- Are Atrovent and Symbicort the Same Thing?
- What Are Possible Side Effects of Atrovent?
- What Are Possible Side Effects of Symbicort?
- What Is Atrovent?
- What Is Symbicort?
- What Drugs Interact with Atrovent?
- What Drugs Interact with Symbicort?
- How Should Atrovent Be Taken?
- How Should Symbicort Be Taken?
Are Atrovent and Symbicort the Same Thing?
Atrovent HFA (ipratropium bromide HFA) and Symbicort (budesonide and formoterol fumarate dihydrate) are inhalers used to treat chronic obstructive pulmonary disease (COPD), including chronic bronchitis, and emphysema.
Atrovent HFA is a bronchodilator and Symbicort is a combination of a steroid and a long-acting bronchodilator.
What Are Possible Side Effects of Atrovent?
Common side effects of Atrovent include:
- dry mouth
- stuffy nose
- sinus pain
- upset stomach
- back pain
- body aches
- flu symptoms
- blurred vision, and
Tell your doctor if you experience serious side effects of Atrovent HFA including bronchospasm (wheezing, chest tightness, trouble breathing), eye pain, seeing halos around lights, pain or burning when you urinate, urinating less than usual or not at all, or worsening of your symptoms.
What Are Possible Side Effects of Symbicort?
Common side effects of Symbicort include:
- throat irritation,
- stomach upset,
- back pain,
- stuffy nose,
- muscle or joint pain, or
- changes in your voice.
Tell your doctor if you experience unlikely but serious side effects of Symbicort including:
- white patches on tongue or in mouth,
- signs of infection (such as fever, persistent sore throat),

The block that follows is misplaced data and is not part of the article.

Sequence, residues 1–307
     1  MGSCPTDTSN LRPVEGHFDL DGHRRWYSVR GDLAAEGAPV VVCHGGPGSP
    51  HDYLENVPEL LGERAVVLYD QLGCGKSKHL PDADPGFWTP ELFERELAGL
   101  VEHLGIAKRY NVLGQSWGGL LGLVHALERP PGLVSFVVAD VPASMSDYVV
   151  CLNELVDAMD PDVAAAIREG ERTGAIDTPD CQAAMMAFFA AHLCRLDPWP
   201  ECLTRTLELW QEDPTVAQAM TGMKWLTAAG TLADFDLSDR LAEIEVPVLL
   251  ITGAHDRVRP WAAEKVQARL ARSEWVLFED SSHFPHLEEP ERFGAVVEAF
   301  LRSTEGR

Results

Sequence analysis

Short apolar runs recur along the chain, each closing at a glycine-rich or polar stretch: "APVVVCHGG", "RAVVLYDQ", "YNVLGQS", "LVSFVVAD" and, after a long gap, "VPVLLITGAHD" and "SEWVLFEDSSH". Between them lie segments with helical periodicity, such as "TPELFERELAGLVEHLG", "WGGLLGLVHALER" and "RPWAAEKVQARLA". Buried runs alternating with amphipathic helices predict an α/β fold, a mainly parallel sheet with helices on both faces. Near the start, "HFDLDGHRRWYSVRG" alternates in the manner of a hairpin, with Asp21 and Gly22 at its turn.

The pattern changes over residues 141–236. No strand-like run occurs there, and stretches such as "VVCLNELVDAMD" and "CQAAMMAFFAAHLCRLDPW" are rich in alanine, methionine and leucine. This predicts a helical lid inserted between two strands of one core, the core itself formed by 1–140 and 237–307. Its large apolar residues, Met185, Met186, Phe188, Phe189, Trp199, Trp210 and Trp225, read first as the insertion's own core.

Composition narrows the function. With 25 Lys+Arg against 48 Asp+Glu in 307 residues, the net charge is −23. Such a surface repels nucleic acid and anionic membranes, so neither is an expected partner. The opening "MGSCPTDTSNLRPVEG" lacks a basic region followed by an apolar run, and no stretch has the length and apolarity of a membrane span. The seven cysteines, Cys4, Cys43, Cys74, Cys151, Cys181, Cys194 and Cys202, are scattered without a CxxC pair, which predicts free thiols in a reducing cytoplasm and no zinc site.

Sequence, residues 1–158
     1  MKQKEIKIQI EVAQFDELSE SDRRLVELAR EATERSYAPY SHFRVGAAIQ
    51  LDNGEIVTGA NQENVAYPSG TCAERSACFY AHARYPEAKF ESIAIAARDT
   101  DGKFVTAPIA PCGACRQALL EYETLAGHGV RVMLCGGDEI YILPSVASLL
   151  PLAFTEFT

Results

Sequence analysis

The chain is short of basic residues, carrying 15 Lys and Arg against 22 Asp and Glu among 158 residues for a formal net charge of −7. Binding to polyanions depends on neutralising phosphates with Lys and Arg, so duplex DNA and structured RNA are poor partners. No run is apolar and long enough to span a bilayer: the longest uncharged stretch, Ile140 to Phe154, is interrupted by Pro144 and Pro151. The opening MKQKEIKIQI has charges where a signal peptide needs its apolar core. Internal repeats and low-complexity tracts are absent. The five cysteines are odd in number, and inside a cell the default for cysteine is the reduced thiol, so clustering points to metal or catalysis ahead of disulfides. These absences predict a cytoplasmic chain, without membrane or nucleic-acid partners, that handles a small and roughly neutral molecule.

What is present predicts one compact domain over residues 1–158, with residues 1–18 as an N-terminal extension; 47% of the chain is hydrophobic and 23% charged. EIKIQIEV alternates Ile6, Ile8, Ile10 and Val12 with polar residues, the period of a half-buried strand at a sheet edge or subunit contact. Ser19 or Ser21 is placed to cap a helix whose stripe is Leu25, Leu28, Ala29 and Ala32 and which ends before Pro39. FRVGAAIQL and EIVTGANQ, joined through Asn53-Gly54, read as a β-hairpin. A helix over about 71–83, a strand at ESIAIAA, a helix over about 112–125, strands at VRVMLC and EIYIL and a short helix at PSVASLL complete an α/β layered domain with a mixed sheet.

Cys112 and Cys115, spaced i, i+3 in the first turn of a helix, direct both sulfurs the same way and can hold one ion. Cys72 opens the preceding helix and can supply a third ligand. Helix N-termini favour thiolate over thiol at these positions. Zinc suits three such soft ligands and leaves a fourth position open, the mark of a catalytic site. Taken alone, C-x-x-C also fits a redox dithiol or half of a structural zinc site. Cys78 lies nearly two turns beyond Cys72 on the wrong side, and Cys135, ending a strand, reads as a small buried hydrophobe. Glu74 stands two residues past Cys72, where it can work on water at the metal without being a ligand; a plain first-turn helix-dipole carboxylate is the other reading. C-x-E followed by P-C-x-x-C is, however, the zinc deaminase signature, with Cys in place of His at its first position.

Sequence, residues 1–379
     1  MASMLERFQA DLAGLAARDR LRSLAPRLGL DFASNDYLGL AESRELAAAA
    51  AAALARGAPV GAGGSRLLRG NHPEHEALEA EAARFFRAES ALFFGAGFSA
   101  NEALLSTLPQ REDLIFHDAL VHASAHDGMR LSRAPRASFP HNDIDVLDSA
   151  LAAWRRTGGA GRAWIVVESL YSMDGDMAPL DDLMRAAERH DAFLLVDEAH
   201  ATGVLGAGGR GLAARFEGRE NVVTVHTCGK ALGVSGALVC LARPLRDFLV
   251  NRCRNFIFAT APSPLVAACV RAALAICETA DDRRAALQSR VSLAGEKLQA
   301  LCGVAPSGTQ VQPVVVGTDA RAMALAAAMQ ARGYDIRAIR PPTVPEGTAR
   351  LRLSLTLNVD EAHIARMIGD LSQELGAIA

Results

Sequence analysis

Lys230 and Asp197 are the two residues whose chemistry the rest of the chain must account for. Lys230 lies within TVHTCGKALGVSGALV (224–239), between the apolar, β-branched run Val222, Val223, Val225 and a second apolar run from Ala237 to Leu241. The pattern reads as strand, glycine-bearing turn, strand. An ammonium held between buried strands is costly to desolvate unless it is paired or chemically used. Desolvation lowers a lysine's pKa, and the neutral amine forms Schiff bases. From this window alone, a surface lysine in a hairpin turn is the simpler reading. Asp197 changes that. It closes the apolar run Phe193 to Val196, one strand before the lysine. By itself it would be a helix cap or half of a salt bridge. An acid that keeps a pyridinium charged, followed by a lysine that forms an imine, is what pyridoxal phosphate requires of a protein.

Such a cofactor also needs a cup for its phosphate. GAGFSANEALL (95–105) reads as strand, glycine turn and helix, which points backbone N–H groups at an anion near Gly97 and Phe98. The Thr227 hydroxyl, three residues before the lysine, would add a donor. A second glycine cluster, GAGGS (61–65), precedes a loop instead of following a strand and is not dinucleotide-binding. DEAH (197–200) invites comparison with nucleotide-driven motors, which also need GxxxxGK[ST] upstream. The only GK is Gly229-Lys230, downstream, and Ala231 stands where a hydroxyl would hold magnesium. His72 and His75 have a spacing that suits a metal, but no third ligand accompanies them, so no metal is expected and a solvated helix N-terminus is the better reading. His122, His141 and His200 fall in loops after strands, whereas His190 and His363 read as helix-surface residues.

- mental/mood changes (such as nervousness),
- trouble sleeping,
- vision problems (such as blurred vision),
- increased thirst or urination,
- muscle cramps, or
- shaking (tremors).
What Is Atrovent?
Atrovent HFA (ipratropium bromide HFA) is an anticholinergic bronchodilator, packaged in an inhaler, used for maintenance and treatment of bronchospasm associated with chronic obstructive pulmonary disease (COPD), including chronic bronchitis, and emphysema. Atrovent HFA is available as a generic termed ipratropium bromide.
What Is Symbicort?
Symbicort (budesonide and formoterol fumarate dihydrate) is a combination of a steroid and a long-acting bronchodilator used to prevent bronchospasm in people with asthma or chronic obstructive pulmonary disease (COPD).
Symbicort combines an inhaled corticosteroid medicine, budesonide and a LABA medicine, formoterol.
- Inhaled corticosteroids help to decrease inflammation in the lungs. Inflammation in the lungs can lead to breathing problems.
- LABA medicines are used in people with chronic obstructive pulmonary disease (COPD) and asthma. LABA medicines help the muscles around the airways in your lungs stay relaxed to prevent symptoms such as wheezing, cough, chest tightness, and shortness of breath. These symptoms can happen when the muscles around the airways tighten. This makes it hard to breathe. In severe cases, wheezing can stop your breathing and may lead to death if not treated right away.
What Drugs Interact With Atrovent?